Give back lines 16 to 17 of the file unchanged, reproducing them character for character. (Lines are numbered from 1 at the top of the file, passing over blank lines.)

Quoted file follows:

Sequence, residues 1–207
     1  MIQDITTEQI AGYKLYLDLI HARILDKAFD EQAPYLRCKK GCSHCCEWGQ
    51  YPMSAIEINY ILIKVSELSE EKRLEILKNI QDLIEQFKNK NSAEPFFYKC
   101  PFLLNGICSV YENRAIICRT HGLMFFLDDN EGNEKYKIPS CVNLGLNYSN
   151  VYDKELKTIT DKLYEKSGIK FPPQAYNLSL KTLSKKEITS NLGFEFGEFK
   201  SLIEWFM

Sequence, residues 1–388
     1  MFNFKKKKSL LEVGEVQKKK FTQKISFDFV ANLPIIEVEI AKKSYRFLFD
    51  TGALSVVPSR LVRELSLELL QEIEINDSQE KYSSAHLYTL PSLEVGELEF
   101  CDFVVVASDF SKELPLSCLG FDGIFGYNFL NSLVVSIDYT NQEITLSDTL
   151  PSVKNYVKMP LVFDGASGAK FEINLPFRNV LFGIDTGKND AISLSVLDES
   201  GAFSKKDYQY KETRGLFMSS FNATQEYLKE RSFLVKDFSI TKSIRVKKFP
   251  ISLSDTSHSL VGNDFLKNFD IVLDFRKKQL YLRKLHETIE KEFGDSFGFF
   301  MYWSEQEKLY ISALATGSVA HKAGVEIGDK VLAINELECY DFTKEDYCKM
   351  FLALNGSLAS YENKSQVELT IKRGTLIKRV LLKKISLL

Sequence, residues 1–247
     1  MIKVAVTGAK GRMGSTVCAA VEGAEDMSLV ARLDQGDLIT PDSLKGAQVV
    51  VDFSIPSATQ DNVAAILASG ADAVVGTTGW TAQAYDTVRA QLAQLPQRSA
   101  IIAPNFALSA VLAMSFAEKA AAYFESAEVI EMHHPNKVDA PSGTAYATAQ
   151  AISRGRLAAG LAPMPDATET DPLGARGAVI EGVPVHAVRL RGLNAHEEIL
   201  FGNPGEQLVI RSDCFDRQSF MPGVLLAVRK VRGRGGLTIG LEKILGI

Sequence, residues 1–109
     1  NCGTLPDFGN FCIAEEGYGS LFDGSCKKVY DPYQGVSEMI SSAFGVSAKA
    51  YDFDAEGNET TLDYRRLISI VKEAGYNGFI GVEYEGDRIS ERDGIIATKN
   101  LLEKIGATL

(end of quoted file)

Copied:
Sequence, residues 1–247
     1  MIKVAVTGAK GRMGSTVCAA VEGAEDMSLV ARLDQGDLIT PDSLKGAQVV